Syrian Refugees in the Middle East and in Europe: On the Psychology of a Humanitarian Challenge
January 12, 2021
11 AM -12:30PM EST
This presentation is based on unprecedented empirical research into the psychology of Syrian refugees in the Middle East and in Europe, carried out by an international team of researchers headed up by Professor Arie Kruglanski of the University of Maryland. The research supported by the MINERVA program at the US Department of Defense bears on questions such as refugees’ motivations, their state of mind and feelings as function of the welcome they receive in the host countries. The research looks at the interlocking views of refugees and local populations, how these are affected by cultural differences, and the conditions under which refugees are likely to integrate successful into host society as opposed to remaining an alienated minority. In light of the growing refugee problem worldwide (70 million displaced persons as of this writing) that is threatening to worsen as function of international conflicts and climate change, this research offers a rare empirically based window into the refugees’ psyche and its implications for world societies.
Arie W. Kruglanski is Distinguished University Professor of Psychology at the University of Maryland. He is recipient of the National Institute of Mental Health Research Scientist Award, the Donald Campbell Award for Outstanding Contributions to Social Psychology, the University of Maryland Regents Award for Scholarship and Creativity and the Distinguished Scientific Contribution Award from the Society for Experimental Social Psychology. He was Fellow at the Center for Advanced Studies in the Behavioral Sciences, and is Fellow of the American Psychological Association and the American Psychological Society. He has served as editor of the Journal of Personality and Social Psychology: Attitudes and Social Cognition, and as editor of the Personality and Social Psychology Bulletin, and as Associate Editor of the American Psychologist. He has also served as President of the Society for the Study of Motivation. His interests have been in the domains of human judgment and decision making, the motivation-cognition interface, group and intergroup processes, the psychology of human goals, and the social psychological aspects of terrorism. His work has been disseminated in over 370 articles, chapters and books and has been supported by grants from the National Science Foundation, the National Institute of Mental Health, Deutsche Forschungs Gemeineschaft, the Ford Foundation and the Israeli Academy of Science. He has been member of several NAS panels on the social and behavioral aspects of terrorism and presently serves as co-founder and senior investigator at the National Center for the Study of Terrorism and the Response to ‘Terrorism. He was the lead PI on a MINERVA grant from the Office of Naval Research leading a team of interdisciplinary investigators on the motivational social and ideological determinants of radicalization, and is presently the lead PI on a MINERVA grant on Syrian refugees potential for radicalization.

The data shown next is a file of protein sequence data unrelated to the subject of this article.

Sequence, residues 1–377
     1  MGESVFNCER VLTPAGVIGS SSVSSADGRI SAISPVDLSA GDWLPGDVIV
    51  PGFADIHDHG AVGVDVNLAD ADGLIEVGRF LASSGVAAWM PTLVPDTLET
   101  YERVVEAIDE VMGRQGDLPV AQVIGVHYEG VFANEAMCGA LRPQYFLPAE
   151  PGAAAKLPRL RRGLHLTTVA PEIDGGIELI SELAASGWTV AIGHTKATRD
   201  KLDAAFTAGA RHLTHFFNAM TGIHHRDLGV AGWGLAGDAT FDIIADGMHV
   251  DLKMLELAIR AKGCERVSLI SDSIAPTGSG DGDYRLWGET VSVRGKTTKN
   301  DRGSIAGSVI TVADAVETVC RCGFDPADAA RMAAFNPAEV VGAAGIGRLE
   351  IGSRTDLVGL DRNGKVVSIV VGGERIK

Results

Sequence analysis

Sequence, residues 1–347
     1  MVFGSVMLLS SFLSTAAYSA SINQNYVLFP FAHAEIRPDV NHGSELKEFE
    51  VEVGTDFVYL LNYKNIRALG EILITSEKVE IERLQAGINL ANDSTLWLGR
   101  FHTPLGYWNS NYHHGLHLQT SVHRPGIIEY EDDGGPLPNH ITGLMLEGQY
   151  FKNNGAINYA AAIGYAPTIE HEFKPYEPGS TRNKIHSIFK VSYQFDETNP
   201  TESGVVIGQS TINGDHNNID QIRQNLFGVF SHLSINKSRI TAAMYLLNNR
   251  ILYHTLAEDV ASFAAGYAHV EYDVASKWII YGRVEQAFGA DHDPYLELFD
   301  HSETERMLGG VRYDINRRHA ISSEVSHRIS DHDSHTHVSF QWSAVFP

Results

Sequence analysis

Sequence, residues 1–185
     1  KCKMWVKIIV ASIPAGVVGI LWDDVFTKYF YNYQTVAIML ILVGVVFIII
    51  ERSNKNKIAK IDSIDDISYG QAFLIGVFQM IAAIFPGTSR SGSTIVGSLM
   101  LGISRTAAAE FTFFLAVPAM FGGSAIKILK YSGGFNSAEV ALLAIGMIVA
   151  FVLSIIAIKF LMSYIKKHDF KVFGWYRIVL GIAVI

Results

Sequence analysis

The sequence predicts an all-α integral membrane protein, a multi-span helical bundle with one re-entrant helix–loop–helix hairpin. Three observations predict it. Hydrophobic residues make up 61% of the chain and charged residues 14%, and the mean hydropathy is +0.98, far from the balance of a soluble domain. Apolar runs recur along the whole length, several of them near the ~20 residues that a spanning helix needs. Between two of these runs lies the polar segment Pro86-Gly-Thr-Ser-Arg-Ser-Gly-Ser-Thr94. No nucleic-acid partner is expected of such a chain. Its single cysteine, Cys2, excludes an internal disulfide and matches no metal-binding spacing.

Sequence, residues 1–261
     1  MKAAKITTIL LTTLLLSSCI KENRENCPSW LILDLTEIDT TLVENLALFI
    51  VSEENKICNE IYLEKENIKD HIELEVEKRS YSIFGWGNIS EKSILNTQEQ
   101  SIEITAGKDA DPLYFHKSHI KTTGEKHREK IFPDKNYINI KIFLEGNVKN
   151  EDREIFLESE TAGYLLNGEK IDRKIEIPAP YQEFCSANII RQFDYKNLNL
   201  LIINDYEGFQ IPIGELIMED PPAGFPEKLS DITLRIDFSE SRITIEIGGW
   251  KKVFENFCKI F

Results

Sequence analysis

David Webber is an Assistant Professor in the L. Douglas Wilder School of Government and Public Affairs at Virginia Commonwealth University. Dr. Webber uses social psychological methods and theories to study the radicalization and deradicalization of violent extremists. He is the co-author of The Radical’s Journey: How German Neo-Nazis Voyaged to the Edge and Back (2019). He has published in respected academic journals, including the Journal of Personality and Social Psychology, Terrorism and Political Violence, American Psychologist, and Political Psychology.
Erica Molinario is a Postdoctoral Research Associate at the University of Maryland, College Park. She received her Ph.D. in Social Psychology from the Sapienza, University of Rome (Italy) in 2015. Dr. Molinario main research interests focus on motivation, human goals, and groups and intergroups processes. More, specifically her work focuses on understanding psychological processes behind human behaviors such as pro-environmental behaviors, violent and benevolent extremism, and political attitudes and activism. At the University of Maryland, she is involved in several funded projects including the research on refugees residing in Middle East and Europe. and host communities’ attitudes toward refugees.
Katarzyna Jasko is an associate professor at the Institute of Psychology, Jagiellonian University. Her research focuses on issues related to political engagement such as motivation to participate in collective action, political extremism and ideology, and political violence.
Virtual Event: You must Register at tinyurl.com/bahai-syrian to attend